Quote Originally Posted by clayne View Post
I'm not so sure about that... I think what you're referring to is OR (own recognizance) releases where no bail/bond is posted or involved. It's unlikely, with the frequency of FIAs happening in courts, that a judge would not grant bail to someone with a previous FIA. However, it may of course be likely that they won't grant an OR release, though.

If you've been arrested for something minor (or even a non-violent felony), do not have a previous record of serious crime, are not a flight risk, etc., it's highly likely you'll be released on your own recognizance without posting bail.



Neither presume guilt or related charge without probable cause and sufficient evidence, of course.
Hi clayne:

I think these sorts of issues are very regional. Around here, if you have a conviction for failure to appear, it means that the Crown went to the trouble of laying a separate charge, and you were convicted on that charge - sometimes after a separate trial.

Having that conviction on your record does communicate to the court that you are a flight risk, which makes it more difficult to obtain a release pending trial for any future charges.

Even if the Crown doesn't want to lay the charge, they will usually ask for an arrest warrant, and will usually get one. If the accused shows up later, with a plausible explanation, or after the arrest is effected, provides information that might indicate there was either a good excuse or the accused just screwed up on the scheduling, the Crown may request that the warrant be vacated.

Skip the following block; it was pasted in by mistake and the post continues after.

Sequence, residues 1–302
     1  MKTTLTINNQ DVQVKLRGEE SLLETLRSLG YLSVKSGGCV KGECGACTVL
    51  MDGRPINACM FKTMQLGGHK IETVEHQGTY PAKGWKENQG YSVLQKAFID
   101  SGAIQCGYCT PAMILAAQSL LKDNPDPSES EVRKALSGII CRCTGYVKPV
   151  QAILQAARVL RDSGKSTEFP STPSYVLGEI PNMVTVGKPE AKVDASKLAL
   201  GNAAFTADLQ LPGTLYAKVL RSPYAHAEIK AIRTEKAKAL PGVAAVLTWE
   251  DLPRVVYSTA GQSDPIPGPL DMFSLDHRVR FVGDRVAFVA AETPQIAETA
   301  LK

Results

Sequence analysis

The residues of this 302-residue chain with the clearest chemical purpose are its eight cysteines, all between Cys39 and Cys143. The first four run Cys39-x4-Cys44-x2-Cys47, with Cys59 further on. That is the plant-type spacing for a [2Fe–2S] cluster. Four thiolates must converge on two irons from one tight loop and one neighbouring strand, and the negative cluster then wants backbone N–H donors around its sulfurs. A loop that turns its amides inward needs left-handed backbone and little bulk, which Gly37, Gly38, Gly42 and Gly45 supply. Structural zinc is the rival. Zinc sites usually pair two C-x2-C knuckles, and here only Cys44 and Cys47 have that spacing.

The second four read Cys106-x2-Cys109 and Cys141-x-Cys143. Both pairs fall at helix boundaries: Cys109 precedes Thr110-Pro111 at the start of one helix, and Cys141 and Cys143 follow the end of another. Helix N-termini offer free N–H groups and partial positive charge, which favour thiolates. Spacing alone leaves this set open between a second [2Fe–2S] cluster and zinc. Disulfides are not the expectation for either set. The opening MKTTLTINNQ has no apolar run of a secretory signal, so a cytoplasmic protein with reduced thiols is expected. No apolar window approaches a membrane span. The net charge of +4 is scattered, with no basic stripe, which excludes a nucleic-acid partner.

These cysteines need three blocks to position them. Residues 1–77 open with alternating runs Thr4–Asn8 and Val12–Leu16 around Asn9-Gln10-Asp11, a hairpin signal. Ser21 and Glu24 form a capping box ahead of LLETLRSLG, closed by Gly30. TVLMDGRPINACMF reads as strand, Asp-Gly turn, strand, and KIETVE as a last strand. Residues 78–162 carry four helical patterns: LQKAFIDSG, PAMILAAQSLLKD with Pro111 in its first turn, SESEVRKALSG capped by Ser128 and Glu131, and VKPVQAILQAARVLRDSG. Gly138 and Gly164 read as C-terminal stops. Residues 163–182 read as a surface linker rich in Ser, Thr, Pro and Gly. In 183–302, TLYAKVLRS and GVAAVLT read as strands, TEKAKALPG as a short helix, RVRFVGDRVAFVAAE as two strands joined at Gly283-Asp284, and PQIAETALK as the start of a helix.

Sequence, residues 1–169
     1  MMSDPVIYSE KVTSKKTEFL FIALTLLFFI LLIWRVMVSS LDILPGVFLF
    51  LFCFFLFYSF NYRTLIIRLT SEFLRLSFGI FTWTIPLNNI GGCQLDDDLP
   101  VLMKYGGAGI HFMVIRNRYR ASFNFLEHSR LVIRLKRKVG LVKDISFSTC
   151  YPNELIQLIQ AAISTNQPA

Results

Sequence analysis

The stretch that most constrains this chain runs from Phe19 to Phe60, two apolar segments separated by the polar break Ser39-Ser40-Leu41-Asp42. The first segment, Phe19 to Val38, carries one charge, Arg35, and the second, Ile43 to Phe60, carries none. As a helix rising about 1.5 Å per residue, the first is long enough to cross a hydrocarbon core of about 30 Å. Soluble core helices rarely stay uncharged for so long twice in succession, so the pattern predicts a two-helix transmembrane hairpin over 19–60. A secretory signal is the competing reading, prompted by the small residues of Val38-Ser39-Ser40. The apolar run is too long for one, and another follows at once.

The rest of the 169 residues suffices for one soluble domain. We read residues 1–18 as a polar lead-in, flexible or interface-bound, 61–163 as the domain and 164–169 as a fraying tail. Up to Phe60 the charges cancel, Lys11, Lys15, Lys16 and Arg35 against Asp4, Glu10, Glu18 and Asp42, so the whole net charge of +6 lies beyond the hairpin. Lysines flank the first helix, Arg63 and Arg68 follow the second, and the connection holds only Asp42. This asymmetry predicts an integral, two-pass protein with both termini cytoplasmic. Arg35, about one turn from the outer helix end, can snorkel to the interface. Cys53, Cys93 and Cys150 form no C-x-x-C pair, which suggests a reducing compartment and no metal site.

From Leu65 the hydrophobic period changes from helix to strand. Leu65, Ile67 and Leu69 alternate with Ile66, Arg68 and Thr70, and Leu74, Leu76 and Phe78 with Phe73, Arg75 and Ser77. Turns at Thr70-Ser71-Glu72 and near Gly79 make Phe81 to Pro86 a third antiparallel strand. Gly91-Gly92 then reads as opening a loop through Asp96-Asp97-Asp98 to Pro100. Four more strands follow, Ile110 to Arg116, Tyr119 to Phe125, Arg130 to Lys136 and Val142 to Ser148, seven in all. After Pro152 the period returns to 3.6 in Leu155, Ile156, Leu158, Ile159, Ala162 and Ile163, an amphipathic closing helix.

Otherwise, the accused's failure to attend will form part of a sort of record, in that it will be available in the future for the court to consider when questions of Judicial Interim Release come up.

By the way, we don't have bail bondsman up here. They are illegal. If the court decides that it is appropriate that there be a money consequence to failing to appear in court in the future, the court is required to choose an amount that the accused can raise, as well as to determine whether that amount is payable up front or just due upon failure to appear. The court may also require a surety for the bail order -someone else willing to sign saying if the accused doesn't show, the surety will pay.

Where there are financial terms to a no-deposit bail order, the court will usually require that the parties who might be liable under the order establish ahead of the time their ability to make good on monies that may become due.

It is much more usual to have the court either order detention, or release on conditions (curfews, no go areas, reporting, maintain school or employment, etc.). They are seen to be much more effective than financial orders.